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"And We're Not Paying Them for That" Educators Flock to Richmond Requesting More Funding, Better Pay

Michael Pope

Educators from across Virginia were in Richmond Monday, pressing lawmakers to fully fund education this year.

Hundreds of educators packed Capitol Square for a massive rally, saying they’ve made do with too little for too long. Teachers say they are often forced to take a second or a third job just to make ends meet, then pay for school supplies out of their own pockets because there’s no money in the budget.

Elizabeth Wimmer is a special education teacher in Stafford County, and she says lawmakers need to make an investment. 

“Having enough teachers for smaller class sizes, funding counselors so we can address children with mental-health needs," Wimmer says. She continues, "improving preschool services and early intervention services.”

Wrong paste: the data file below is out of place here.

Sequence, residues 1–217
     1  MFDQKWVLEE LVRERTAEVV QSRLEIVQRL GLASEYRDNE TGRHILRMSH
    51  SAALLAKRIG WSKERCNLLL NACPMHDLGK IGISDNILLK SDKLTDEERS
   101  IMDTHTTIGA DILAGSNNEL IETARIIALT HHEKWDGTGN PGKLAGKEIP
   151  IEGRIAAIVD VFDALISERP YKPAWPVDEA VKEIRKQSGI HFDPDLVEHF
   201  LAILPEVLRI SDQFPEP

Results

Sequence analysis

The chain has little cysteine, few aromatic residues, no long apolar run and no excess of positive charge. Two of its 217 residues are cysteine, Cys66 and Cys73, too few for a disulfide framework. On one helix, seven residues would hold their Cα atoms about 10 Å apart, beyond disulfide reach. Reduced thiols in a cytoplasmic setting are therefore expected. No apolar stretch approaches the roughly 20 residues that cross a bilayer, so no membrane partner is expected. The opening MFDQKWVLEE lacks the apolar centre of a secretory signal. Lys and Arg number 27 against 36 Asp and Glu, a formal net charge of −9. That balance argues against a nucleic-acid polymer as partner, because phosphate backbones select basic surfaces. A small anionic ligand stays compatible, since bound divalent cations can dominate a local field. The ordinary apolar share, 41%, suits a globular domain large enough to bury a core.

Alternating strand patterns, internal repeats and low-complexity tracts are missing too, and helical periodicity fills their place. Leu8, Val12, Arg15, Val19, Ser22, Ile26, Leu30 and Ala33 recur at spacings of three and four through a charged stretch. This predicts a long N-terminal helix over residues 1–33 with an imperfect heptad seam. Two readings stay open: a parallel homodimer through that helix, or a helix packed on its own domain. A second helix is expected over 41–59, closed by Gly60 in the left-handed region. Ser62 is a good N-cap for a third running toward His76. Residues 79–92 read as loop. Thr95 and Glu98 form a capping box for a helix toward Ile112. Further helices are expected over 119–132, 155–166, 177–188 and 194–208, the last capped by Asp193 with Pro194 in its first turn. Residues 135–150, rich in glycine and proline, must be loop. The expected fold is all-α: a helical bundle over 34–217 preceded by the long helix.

David Bowman is a special education teacher in Pulaski County, and he’s concerned about the teacher shortage. 

“And the reason we’re not getting them is because we’re not funding those positions. People are not going into special education. They’re not going into education period," Bowman explains. "And special educators have a lot more on their plate as far as case management and things like that. And we’re not paying them for that.”

Fully funding Virginia schools could cost as much as $950 million on top of what the state already pays. That’s the request from the Virginia Board of Education, and lawmakers will have to balance that request along with all the other requests for funding as they work towards balancing the books at the end of this year’s session.

This report, provided by Virginia Public Radio, was made possible with support from the Virginia Education Association.